Le Coran et la pédophilie

According to the Quran, Possession, bewitchment and evil eye do not exist! Literal analysis of Surah 113

Part 1A lesson in monotheistic faith and reason

Remember that in the recently published article (1) we demonstrated that the referring verse S2.V102 totally invalidates belief in witchcraft and magic. For the Koran, it is nothing more than a mass of superstitions and it defines the practices of so-called sorcerers and magicians as being nothing but illusions, charlatanism. Conversely, the Exegesis interpreted this verse as indicating that the Quran recognized a contrario the existence of witchcraft and magic. It is therefore from this perspective that she also interpreted the very well-known Surahs 113 and 114. In this article, we will study the first two verses of Surah 113, its other verses will be considered in the next article. We will also publish our analysis of Surah 114 shortly.

– Here first of all is our literal translation of Surah 113 as recently published(2):

In the name of God, the All-Merciful, the All-Merciful

  1. Say : I take refuge with the Lord of Dawn at dawn
  2. against the evil of what He created,
  3. against the evil of a dark night when it grew stronger,
  4. against the evil of those who blew on the knots,
  5. against the evil of an envious man when he has coveted.


In the order of the Koranic corpus as we know it, Surah 113 is the third beginning with the imperative: “ what/say “.(3) We also show that the two previous ones, suras 109 and 112, carry out an early communication delivering a message of an emergency nature to the first speakers of the Revelation, the Meccan polytheists. It will be the same with Surah 114. The common subject is simple and direct: the rational refutation of polytheistic idolatry by the monotheistic argument. Each of these four suras deconstructs a part of the beliefs considered to come from polytheistic idolatry. Indeed, these beliefs are opposed to the strong idea of ​​monotheism: only God has a power that does not fall within the realm of rationality, what human reason can understand about the world. In other words, outside of Him there is no real occult power, they are only beliefs, illusions generated by irrationality. If there were occult forces at work, then God would not be the only Almighty. Also, Surah 113 cannot be understood as relating to a Koranic exorcism, to white magic, but, on the contrary, as being a denunciation of the superstitions and irrational fears which populated the imagination and the relationship to the World of the Arabs. .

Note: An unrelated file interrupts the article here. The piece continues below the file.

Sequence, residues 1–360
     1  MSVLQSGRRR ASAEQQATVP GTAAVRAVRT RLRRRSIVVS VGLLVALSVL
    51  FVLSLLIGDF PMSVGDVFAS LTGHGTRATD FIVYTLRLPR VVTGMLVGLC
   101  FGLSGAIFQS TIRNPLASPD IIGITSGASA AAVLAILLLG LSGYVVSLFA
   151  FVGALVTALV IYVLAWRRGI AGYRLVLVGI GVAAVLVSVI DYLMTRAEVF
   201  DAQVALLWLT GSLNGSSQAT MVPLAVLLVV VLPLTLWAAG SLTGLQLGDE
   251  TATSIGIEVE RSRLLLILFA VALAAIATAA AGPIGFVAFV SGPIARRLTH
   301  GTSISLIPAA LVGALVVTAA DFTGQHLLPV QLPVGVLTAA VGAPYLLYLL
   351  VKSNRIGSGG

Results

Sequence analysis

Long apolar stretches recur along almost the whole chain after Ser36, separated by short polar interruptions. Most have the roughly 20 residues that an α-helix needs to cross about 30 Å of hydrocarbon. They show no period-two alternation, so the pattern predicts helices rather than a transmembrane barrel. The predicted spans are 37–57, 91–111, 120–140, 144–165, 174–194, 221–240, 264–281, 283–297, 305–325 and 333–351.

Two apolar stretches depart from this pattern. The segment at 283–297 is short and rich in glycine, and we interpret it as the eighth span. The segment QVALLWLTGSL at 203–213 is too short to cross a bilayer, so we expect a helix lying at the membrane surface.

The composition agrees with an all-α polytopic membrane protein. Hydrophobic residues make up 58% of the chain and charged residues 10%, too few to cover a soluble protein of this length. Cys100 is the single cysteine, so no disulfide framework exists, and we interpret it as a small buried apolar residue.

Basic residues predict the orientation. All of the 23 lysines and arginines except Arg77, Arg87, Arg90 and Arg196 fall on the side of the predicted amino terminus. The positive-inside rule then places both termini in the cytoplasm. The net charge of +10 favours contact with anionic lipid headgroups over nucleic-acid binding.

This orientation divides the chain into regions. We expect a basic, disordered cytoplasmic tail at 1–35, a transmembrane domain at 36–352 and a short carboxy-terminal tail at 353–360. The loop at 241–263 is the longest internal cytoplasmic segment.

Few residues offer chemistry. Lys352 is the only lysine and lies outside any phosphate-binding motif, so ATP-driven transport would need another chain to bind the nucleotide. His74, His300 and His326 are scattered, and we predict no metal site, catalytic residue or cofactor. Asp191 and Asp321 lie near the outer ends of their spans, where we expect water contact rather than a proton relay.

– In these words: “ Say: I take refuge with the Lord of the Dawn at his rising “, v1.

The hapax falaq is a term designating the moment when the light of dawn appears above the still black horizon. This moment just precedes dawn, hence our “ Dawn at sunrise “. Polytheism is by definition a system of beliefs distributing powers and responsibilities between various entities: deities, jinns, angels, spirits, etc. This explanation of the world, as archaic as it is irrational, supposes that certain people can intervene for or against these occult forces, for good or evil, hence the recourse to shamans, sorcerers, sorcerers, unbewitchers and other intermediaries, including religious ones. . The monotheism that Revelation exposes from the beginning of Muhammad's mission presupposes the opposite thesis: 1 – in the name of divine Omnipotence, there is no other power over the World than that of God. 2 – all phenomena observable here below are rational. 3 – There is therefore no associate, no intermediary with regard to the Oneness and absolute Omnipotence of God. This monotheism combines faith and reason, faith only in God the One and the exercise of reason in explaining our world.